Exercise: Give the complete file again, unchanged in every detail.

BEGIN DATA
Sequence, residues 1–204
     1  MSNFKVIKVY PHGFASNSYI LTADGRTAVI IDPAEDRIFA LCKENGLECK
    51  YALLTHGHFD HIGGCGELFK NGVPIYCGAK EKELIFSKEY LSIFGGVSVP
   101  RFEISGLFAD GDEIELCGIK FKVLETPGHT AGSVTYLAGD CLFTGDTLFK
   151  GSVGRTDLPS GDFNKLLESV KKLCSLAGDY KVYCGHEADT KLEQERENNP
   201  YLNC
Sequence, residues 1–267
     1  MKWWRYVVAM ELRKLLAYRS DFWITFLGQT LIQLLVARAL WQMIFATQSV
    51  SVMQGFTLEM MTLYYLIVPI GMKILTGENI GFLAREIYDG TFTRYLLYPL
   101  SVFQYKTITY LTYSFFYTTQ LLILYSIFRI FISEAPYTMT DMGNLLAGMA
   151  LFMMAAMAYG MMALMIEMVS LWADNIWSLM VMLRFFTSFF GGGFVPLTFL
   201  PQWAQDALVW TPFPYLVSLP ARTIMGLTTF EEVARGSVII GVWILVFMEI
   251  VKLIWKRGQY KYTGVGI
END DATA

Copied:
Sequence, residues 1–204
     1  MSNFKVIKVY PHGFASNSYI LTADGRTAVI IDPAEDRIFA LCKENGLECK
    51  YALLTHGHFD HIGGCGELFK NGVPIYCGAK EKELIFSKEY LSIFGGVSVP
   101  RFEISGLFAD GDEIELCGIK FKVLETPGHT AGSVTYLAGD CLFTGDTLFK
   151  GSVGRTDLPS GDFNKLLESV KKLCSLAGDY KVYCGHEADT KLEQERENNP
   201  YLNC
Sequence, residues 1–267
     1  MKWWRYVVAM ELRKLLAYRS DFWITFLGQT LIQLLVARAL WQMIFATQSV
    51  SVMQGFTLEM MTLYYLIVPI GMKILTGENI GFLAREIYDG TFTRYLLYPL
   101  SVFQYKTITY LTYSFFYTTQ LLILYSIFRI FISEAPYTMT DMGNLLAGMA
   151  LFMMAAMAYG MMALMIEMVS LWADNIWSLM VMLRFFTSFF GGGFVPLTFL
   201  PQWAQDALVW TPFPYLVSLP ARTIMGLTTF EEVARGSVII GVWILVFMEI
   251  VKLIWKRGQY KYTGVGI